It is common for the user program and the system’s parameters to be backed up automatically in non-volatile memory such as Flash memory (NAND) or faster EEPROM memory (NOR), however many PLCs will use battery backup for their volatile memory such as their RAM in case the PLC’s power supply is disconnected for maintenance or to maintain power during a power outage or brownout.
Power interruptions during read, write, or erase operations not only result in failure of the operation in progress, but it can also corrupt data already present in the flash device and can negatively impact the integrity of future data written both immediate and long-term causing integrity issues to the device. Understanding the Impact of Power Loss on Flash Memory document is a more in-depth dive on this.
The backup battery in a PLC should be checked regularly to ensure the voltage is within specified values. Self diagnostics should give low battery indication, however the diagnostic LED on the CPU module may be hard to see, or the diagnostic may be placed at bottom of the diagnostic error list. It is common to replace the low battery within a week after the battery diagnostic is first presented. When replacing a low battery, It is common to install the new battery within five minutes after removing the old one to ensure data retention.
The battery service life of most PLCs is typically five years max under ideal conditions, however the service life will depend based on the age and model of the system, and may be significantly shortened if one or more of the following occurs:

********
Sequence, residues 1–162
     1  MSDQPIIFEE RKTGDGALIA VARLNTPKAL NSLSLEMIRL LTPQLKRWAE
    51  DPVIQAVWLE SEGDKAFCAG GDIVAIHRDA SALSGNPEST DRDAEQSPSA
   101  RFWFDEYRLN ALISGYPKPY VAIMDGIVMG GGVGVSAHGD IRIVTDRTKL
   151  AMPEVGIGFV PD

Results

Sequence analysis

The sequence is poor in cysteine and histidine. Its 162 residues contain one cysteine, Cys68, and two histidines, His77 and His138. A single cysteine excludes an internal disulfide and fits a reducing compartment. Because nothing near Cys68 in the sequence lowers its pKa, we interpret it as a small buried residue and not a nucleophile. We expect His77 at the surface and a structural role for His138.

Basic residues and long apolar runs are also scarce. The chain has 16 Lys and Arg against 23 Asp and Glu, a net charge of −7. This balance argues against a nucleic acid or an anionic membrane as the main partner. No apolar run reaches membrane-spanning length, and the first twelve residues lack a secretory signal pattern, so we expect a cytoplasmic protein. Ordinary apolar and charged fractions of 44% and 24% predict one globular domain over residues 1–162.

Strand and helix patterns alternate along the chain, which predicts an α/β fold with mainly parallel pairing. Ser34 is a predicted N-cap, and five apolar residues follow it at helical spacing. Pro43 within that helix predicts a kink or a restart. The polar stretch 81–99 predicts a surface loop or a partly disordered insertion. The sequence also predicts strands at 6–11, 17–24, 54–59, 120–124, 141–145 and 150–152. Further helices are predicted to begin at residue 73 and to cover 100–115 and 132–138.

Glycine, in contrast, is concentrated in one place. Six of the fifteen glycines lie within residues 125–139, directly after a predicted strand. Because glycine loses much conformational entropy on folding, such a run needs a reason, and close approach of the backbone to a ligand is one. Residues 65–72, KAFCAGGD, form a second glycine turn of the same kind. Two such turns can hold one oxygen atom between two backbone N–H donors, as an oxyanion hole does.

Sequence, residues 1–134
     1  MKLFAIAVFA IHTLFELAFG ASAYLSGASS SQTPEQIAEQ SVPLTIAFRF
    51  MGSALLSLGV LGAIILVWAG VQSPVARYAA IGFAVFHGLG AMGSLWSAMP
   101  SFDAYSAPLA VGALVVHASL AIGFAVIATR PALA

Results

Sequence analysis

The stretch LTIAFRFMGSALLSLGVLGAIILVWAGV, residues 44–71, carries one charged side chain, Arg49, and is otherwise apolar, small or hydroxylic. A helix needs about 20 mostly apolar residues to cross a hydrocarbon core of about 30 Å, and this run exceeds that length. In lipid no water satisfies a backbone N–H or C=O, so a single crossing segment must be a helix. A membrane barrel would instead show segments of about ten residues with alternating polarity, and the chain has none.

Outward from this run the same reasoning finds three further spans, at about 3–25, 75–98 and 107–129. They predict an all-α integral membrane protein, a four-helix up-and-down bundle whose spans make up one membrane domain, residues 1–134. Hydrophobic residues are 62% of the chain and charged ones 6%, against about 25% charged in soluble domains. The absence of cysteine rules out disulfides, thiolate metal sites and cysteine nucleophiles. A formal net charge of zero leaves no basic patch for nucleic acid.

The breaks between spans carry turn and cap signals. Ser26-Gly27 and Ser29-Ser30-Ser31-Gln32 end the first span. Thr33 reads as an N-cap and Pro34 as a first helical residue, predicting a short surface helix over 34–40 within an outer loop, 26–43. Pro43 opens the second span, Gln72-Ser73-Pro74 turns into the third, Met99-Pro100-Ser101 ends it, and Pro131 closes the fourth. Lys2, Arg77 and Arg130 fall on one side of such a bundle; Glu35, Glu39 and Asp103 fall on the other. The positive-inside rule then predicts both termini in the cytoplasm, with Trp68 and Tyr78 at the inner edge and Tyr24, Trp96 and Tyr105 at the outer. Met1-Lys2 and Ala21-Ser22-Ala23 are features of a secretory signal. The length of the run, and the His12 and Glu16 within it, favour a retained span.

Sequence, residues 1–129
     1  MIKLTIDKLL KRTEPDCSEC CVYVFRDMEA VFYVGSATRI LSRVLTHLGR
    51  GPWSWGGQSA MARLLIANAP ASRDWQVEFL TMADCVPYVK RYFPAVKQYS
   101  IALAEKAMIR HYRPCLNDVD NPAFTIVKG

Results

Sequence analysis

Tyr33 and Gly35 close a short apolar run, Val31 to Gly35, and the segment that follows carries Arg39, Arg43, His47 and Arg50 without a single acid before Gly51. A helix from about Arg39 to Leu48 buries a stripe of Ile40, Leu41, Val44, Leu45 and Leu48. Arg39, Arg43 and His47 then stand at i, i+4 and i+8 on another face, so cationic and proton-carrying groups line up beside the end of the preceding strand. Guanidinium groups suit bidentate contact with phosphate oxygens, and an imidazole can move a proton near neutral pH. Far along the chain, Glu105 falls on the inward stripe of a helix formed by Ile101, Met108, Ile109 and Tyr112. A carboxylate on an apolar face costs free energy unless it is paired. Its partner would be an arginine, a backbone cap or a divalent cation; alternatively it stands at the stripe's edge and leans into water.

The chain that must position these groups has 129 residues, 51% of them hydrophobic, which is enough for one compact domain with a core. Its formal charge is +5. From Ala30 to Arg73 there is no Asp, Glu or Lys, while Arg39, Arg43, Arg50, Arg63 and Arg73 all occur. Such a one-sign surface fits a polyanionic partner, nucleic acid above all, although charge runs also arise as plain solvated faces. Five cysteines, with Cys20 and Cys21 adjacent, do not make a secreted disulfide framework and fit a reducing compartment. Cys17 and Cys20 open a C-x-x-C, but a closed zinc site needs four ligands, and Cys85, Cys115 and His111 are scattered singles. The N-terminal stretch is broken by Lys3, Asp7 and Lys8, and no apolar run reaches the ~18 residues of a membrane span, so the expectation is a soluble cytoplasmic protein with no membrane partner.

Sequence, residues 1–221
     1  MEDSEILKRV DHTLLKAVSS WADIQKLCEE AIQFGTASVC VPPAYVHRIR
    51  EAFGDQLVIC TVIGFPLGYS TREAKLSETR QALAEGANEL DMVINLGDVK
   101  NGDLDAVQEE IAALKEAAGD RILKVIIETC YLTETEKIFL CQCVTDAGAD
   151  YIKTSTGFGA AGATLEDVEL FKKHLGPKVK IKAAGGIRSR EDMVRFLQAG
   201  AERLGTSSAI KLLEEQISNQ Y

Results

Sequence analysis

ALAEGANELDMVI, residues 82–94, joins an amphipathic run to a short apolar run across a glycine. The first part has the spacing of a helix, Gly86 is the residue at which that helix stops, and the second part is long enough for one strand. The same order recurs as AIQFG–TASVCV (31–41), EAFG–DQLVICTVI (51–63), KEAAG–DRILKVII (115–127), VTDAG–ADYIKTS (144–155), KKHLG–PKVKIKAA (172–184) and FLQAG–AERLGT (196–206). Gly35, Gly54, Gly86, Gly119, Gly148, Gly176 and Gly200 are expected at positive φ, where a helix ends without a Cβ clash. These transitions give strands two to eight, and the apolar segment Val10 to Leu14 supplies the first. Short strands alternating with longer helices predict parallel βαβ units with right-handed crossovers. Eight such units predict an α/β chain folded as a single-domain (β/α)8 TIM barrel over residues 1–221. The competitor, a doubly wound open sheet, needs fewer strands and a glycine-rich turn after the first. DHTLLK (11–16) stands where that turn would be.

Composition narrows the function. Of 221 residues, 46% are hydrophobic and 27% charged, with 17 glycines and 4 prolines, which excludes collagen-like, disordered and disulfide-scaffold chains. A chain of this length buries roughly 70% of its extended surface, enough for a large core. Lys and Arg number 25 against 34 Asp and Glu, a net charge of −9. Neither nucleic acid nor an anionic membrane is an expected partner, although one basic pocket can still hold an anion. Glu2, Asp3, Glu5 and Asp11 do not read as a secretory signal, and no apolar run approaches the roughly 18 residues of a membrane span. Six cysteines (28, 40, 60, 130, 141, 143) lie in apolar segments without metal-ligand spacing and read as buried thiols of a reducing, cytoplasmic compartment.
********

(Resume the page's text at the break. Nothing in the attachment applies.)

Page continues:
- Frequent power outages or brownouts
- Powering off the system for long durations
- High operating temperatures -Above 25°C (77°F)
Flash memory: User programs, parameters (such as the PLC Setup), data register holding up to a set memory amount, comment data, and the entire DM Area can be saved to flash, memory as initial values.
Battery backup: The Holding Area, DM Area, and counter values (flags, PV) are backed up by a battery. The battery also keeps power to the RAM upon power outage or brownouts thus keeping the sequence pulled from non-volatile memory such as Flash or EEPROM. This helps serve as a buffer providing data retention and helps prevent data corruption especially if it is pulling from serial memory instead of parallel. Serial memory is especially more prone to data corruption during power failure without battery backup if the memory is in the read, write, or erase mode. The battery is also common to keep clock / calendar settings which may be important for keeping timestamps for system events and tracking purposes.
Controllers - Accessories (Batteries)
Batteries Rechargeable (Secondary)
Batteries Non-Rechargeable (Primary)
Controllers - Programmable (PLC, PAC)
Controllers - PLC Modules
What is a PLC and what does a PLC do?
Choosing a PLC (Programmable Logic Controller)
Hidden Programming Access on PLCs
Omron PLC still serviceable?
PLC Communication Protocols
3 Wire Connection of PNP and NPN Sensors
“Noisy Power” or Bad Power Remedies